As far as Rep. Tom Price is concerned, it’s not that “the age of austerity is over,” as President Obama proclaimed earlier this year. It’s hard to claim it ever began.
“It’s a frightening thought that the president considers federal government spending of nearly $3.5 trillion last year to be austere,” said Price, a Republican from Georgia and vice chairman of the House Budget Committee. “Washington continues to spend like today’s bills don’t matter and tomorrow’s will never come.”
“Washington continues to spend like today’s bills don’t matter and tomorrow’s will never come.”
In a speech yesterday at The Heritage Foundation, Price made the point that austerity doesn’t mean what Obama seems to think it does. It means cutting spending and reducing the size and scope of government, he said, not increasing taxes to close budget deficits.
Price cited a new report from Heritage’s Institute for Economic Freedom that examined how 12 European countries—Greece, Germany, Spain and the UK among them—approached the European fiscal crisis. The study found spending cuts were less harmful to these economies than tax increases in reducing deficits and that countries that practiced fiscal discipline before the recession had greater flexibility and firmer recoveries.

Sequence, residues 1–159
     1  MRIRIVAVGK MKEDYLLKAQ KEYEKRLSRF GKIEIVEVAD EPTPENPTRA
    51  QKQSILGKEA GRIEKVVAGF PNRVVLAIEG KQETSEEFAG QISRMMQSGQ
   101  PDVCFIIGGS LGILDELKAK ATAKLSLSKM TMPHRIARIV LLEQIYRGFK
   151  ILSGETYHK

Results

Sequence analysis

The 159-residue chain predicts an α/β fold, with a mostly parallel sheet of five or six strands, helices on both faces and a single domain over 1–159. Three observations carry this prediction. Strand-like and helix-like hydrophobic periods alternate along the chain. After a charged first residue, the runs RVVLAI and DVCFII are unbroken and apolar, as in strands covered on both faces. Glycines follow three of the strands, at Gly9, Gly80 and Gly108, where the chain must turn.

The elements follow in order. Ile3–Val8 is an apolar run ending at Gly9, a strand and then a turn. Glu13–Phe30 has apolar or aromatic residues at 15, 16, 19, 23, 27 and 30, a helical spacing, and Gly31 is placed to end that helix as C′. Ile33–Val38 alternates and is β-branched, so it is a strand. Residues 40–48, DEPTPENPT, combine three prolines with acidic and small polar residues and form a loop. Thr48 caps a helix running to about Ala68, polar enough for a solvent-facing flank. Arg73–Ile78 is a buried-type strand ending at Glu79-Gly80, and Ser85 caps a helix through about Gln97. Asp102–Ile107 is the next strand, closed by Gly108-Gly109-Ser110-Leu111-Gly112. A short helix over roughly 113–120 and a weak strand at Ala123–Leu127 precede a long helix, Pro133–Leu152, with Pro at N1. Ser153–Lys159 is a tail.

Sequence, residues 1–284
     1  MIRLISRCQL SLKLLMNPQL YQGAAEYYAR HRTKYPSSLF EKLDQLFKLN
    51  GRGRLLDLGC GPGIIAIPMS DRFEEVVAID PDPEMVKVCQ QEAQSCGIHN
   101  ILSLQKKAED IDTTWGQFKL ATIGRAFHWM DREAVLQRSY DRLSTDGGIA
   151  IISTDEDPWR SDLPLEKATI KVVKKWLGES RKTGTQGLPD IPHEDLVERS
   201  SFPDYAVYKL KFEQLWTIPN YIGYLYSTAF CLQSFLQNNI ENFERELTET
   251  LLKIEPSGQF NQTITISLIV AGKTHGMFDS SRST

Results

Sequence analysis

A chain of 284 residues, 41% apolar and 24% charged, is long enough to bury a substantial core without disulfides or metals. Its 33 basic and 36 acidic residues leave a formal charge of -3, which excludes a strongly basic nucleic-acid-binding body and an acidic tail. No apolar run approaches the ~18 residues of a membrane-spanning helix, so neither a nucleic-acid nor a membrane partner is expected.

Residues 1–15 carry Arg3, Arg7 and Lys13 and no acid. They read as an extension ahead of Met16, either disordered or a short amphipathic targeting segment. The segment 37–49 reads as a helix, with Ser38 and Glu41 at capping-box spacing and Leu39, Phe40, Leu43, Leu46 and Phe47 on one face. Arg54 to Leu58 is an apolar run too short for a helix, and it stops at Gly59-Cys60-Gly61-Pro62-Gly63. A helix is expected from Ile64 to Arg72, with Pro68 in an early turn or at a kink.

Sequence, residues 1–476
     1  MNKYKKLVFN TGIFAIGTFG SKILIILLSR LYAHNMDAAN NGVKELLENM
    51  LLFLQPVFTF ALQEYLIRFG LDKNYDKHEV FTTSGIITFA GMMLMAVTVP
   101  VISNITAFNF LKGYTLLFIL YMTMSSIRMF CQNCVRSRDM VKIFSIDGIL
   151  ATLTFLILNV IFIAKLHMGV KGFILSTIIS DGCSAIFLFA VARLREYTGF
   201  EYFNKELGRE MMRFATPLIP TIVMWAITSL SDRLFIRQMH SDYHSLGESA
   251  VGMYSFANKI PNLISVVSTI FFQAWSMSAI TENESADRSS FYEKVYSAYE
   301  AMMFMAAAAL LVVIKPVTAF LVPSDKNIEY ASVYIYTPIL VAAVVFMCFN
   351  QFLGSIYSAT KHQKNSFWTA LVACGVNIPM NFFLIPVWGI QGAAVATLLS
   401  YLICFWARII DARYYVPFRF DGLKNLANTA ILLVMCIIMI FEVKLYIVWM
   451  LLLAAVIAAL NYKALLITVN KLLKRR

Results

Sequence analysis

“America must pay attention,” he said. “As our nation approaches a similar fiscal crisis, perhaps we should take lessons from our friends in Europe.”
That means working to balance the budget, he said, as well as reforming Medicare, Medicaid and Social Security to ensure long-term viability. It also means tax reform that simplifies the code and reduces rates and “fundamentally” changing the way Congress spends money.
“All of the inertia in Washington is to spend more money—regardless of whether or not Congress acts,” he said.
He pointed to the United States’ own history with this debate—that when both President Kennedy, a Democrat, and President Reagan, a Republican, cut taxes, revenue grew for the government.
“We believe economic growth happens when the American people keep more of their own money to save, spend and invest as they see fit,” Price said.
This comment shows the congressman gets it, according to Salim Furth, senior policy analyst at The Heritage Foundation and editor of the European fiscal crisis report.
“Dr. Price showed that he understands the magnitude of the budget gap facing the U.S. in the next few decades and understands that it can’t be fixed without reforming Social Security, Medicare, and Medicaid,” Furth said. “It’s a really good sign when congressional leaders are willing to get into the weeds, study the numbers and the history, and make policy based on the evidence.”
>>> Watch the full speech: